The Quest for an Insulin Pill That Delivers
Insulin and other injectable biologic drugs have transformed treatment for patients suffering from diabetes and other diseases. Many patients prefer therapies that are delivered orally, but existing insulin treatments are not readily absorbed into the bloodstream.
“If you’ve ever been prescribed a macromolecule drug like insulin or have ever taken a vaccine, you know there’s no pill for these medications,” says researcher Alex Abramson PhD ’19. “Delivery through the gastrointestinal tract is extremely difficult. And the quest for macromolecule delivery has been going on for about 100 years.”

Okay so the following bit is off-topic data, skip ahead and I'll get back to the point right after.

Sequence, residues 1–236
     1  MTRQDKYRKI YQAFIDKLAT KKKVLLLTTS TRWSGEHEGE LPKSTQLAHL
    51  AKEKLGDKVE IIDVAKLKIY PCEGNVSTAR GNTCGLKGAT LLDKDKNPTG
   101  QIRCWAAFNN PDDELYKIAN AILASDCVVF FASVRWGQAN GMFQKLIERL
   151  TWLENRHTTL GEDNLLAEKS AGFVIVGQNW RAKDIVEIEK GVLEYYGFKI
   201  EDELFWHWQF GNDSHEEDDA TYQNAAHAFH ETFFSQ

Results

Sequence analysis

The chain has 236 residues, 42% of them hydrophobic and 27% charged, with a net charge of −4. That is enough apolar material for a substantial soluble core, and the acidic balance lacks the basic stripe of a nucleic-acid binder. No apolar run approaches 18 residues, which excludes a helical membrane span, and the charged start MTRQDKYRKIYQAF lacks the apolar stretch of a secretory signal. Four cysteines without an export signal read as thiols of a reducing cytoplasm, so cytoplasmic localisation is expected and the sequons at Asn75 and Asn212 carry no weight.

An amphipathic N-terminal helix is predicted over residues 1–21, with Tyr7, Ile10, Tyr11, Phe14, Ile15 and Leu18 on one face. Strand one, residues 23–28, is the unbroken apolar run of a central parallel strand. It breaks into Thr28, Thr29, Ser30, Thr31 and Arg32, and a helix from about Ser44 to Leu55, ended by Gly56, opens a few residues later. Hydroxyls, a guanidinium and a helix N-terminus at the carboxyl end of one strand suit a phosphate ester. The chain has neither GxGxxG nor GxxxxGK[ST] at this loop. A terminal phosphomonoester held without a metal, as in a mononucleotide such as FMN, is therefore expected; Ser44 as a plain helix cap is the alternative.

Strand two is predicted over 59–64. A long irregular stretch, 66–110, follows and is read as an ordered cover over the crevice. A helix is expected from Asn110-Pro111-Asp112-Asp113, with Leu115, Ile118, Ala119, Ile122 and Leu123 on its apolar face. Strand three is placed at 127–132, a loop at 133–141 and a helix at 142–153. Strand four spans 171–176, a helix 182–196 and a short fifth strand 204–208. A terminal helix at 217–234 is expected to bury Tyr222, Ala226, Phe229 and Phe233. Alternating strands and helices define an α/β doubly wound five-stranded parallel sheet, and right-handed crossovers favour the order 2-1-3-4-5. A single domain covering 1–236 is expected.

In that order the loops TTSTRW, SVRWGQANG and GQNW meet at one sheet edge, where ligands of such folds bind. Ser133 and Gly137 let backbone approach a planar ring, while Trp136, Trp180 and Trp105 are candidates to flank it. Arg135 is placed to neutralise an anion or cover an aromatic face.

In this webcast from February 2020, part of the MIT Alumni Association Faculty Forum Online series, Abramson describes technologies that may better enable the oral delivery of biologic drugs, and describes how mathematical modeling can have a profound impact on the design ideation of oral capsules.
Abramson is now a postdoctoral fellow at Stanford University focused on developing ingestible and implantable devices for a variety of therapeutic applications. He received his PhD in chemical engineering at MIT studying under Institute professor Robert Langer ScD ’74. While at the the Langer Lab, he was part of a team that developed a coated pill containing microneedles capable of delivering medicine directly to the lining of the small intestine.